Friday, April 1, 2022

Wartime novel captured drama of escape from France

Cars fleeing German Army jam street in 1940.
British Army and French civilians jam streets of Le Neubourg in flight from the German Army in June, 1940. (Geoffrey Keating Photo, Imperial War Museum Collections F 4722) 

 It is amazing that a Royal Enfield military motorcycle, abandoned by the British Army in its flight from France in 1940, was found and restored. Even more remarkable is that its rider was identified from the 1940 photograph of the motorcycle, made at the front as the Germany army broke through British lines. 

The rider was Lt. Geoffrey Keating, a War Department photographer, and the sequence of his photos in the archives of the Imperial War Museum makes it possible to sketch his escape route, although whether he made his way to the channel on the Royal Enfield is unknown. 

The little group of enthusiasts devoted to Royal Enfield military motorcycles of World War II can be justly proud of this find. It brings to mind a dramatic crisis point in history. 

Reader and Royal Enfield enthusiast Mark Mumford noticed my interest and suggested I read "Pied Piper," a novel depicting an escape from France in just that period.

The author is Nevil Shute. He also wrote "On the Beach" and "A Town Like Alice," novels that became notable film productions. "Pied Piper" is less well known, although it has been filmed.

As the title suggests, the main character is a man, elderly and British, who ends up with a collection of children in tow as he attempts to get out of France ahead of the Germans. Credibility stretches a bit as the children eventually come to include even a German girl trained to snap off stiff-armed salutes.

Never mind that. The book is itself a marvelous example of its moment in history. Written and first published before Pearl Harbor and the U.S. entry into World War II, it depicts the British as defeated but unshaken and always hopeful. Whether that is accurate or not is beside the point. It's marvelously stirring.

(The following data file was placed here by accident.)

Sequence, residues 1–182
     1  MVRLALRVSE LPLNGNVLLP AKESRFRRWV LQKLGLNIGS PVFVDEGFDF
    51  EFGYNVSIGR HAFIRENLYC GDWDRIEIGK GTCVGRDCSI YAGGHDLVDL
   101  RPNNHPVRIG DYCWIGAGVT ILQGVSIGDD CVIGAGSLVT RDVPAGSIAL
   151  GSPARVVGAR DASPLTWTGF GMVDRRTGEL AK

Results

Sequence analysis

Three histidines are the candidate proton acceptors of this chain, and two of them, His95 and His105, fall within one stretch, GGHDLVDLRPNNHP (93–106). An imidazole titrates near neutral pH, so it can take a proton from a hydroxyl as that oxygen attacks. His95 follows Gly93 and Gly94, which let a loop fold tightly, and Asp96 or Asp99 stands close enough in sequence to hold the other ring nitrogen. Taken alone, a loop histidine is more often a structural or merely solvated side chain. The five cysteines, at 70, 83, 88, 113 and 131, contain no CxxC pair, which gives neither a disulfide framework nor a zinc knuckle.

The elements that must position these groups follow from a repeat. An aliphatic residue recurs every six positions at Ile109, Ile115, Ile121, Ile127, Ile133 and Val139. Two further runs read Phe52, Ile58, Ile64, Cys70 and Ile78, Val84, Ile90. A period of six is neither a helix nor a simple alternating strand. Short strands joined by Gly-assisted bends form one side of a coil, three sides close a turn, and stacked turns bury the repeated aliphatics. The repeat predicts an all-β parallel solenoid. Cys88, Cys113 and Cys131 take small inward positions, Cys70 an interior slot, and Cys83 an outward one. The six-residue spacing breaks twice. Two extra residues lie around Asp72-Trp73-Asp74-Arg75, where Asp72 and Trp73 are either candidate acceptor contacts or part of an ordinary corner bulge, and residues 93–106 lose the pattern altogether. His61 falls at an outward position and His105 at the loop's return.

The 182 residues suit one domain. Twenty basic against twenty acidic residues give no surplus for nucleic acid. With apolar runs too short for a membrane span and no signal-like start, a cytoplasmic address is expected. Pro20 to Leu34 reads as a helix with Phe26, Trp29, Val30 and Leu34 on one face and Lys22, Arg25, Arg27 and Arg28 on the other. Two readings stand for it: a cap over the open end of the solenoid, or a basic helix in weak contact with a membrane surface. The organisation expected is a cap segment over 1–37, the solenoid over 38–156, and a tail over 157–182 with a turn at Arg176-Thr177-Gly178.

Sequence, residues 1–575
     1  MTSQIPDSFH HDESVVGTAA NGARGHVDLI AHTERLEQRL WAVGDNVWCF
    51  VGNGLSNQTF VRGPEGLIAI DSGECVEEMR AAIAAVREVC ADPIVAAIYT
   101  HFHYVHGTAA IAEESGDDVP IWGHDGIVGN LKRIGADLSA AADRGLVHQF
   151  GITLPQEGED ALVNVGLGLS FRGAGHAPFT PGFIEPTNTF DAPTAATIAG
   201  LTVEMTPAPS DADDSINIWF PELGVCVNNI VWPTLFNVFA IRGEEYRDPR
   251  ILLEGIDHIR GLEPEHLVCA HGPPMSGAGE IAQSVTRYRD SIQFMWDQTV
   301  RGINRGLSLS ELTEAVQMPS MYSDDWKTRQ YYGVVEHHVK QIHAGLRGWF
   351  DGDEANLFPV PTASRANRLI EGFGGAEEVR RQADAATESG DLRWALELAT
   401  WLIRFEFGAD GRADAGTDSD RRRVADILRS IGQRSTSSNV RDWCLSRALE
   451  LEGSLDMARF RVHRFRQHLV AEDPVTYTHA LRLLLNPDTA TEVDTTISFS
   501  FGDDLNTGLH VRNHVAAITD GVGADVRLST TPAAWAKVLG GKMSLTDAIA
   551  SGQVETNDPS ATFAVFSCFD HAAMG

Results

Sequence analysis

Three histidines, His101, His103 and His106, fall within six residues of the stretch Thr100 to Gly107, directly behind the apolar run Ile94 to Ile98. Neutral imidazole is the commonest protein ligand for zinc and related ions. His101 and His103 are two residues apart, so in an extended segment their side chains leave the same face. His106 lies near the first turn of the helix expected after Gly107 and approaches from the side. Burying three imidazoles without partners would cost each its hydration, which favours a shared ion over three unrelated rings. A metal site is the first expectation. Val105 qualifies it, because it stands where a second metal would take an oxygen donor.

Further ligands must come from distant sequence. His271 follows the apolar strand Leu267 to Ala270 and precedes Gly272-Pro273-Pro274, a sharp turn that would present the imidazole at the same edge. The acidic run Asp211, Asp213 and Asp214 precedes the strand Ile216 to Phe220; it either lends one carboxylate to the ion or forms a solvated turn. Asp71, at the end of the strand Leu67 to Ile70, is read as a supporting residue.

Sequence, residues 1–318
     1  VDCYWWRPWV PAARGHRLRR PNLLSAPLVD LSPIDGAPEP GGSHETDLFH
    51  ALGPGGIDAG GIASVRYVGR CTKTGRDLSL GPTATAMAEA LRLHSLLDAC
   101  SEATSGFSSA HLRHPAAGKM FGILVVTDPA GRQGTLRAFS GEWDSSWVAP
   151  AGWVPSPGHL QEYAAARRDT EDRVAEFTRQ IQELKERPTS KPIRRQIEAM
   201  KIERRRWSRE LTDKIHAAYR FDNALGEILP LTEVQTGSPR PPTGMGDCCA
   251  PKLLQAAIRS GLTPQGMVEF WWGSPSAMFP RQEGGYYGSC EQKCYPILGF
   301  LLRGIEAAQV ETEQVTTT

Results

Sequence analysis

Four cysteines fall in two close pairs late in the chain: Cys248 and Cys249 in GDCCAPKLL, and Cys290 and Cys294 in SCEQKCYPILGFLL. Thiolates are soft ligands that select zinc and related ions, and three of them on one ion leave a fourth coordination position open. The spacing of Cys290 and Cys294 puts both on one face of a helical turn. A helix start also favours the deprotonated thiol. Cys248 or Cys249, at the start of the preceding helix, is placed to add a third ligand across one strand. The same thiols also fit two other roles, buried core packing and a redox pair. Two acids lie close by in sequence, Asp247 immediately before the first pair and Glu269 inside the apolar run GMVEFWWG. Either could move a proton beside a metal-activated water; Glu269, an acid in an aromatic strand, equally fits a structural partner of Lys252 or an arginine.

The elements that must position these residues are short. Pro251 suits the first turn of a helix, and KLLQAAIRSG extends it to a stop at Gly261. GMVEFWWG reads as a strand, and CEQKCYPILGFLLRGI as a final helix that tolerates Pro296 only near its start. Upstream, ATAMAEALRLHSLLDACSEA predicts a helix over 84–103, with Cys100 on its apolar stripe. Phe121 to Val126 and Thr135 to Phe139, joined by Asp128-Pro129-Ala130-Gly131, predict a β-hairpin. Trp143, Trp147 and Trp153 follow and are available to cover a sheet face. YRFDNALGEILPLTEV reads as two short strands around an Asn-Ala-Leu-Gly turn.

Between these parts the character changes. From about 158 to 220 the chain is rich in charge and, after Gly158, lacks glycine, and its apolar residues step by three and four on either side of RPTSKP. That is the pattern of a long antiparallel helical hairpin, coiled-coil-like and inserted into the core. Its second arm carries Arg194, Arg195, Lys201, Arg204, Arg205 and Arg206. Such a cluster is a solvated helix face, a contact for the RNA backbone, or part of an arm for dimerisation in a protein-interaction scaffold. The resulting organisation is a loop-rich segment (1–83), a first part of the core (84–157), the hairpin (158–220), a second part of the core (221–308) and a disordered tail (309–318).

Which was the point: it's propaganda, and it's not propaganda aimed at a British audience (which might have been conscious of a more nuanced situation).

"Pied Piper" was first published not in Britain, but in the U.S., as a serial in Collier's magazine, running from Nov. 1, 1941 to Jan. 3, 1942. When the serial began America was at peace. As it wrapped up, the U.S. was at war, on Britain's side.

The best part of the book is as the old man, by now back in London but hardly safe there, tells his story to a weary officer seated in a comfortable chair at their club. The Blitz is going strong on this night, but the two men resolve to remain upstairs rather than go to the cellar.

Outside, bombs fall. One hits very near. The next shatters the club windows. The whine of the third bomb is now heard.

It bursts on the other side of the building.

"Straddled," the old man comments.

It's a wonderful moment, bound to excite Colliers readers with the calm courage of the British. The advertising message here is that the British will make great allies in the war to come.

Although he's writing in early 1941, as Britain stands alone (not even the June, 1941 addition of the Soviet Union as an ally is mentioned) the book gets quite right much history that is still yet to happen. 

Shute writes:

"Bad times were coming for France; he and his children must get out of it, damn quick. If the Germans conquered they would bring with them, inevitably, their trail of pillage and starvation, gradually mounting towards anarchy as they faced the inevitable defeat."

Considering the audience for all this is American, the book's confidence that the Americans will help is perhaps not surprising. The old gentlemen wants to get his collection of children to America, ultimately, where they will be safe with a daughter of his there. Naturally, people he encounters are skeptical of his audacious plans. He explains:

"They are a generous people. These children will be quite all right if I can get them there, because my daughter will look after them. But even without her, there would be many people in America willing to provide for them. Americans are like that."

But what about the money it would cost to care for so many children? No worries. America would not balk at the cost, the character assures us.

"'It's just the sort of thing they do do,' said the old man. 'They would pour out their money in a cause like that.'"

The old gentleman expresses confidence that, yes, America would accommodate even the Jewish kid.

Sheltering foreign children so easily was probably too hopeful to be true in 1941, and it's no sure bet in America in 2022. But the American heart still swells, reading this, and that surely was the author's intention.

Money is an all-purpose solution in the novel; the old gentleman has it and it enables many narrow escapes. He has the money, he assures one character, to fly a child to America on the Clipper (a huge expense in 1941) if necessary. Well. It's fiction.

Readers also have to accept as plot devices two comical British soldiers speaking in stereotypical Cockney, the customary brave and beautiful French woman, and the ever popular ruthless Gestapo officer. The children are somewhat wooden figures and eventually the reader begins to lose track of them as individuals.

Great writing? It is good enough. And it was all written, quite literally, in a good cause.

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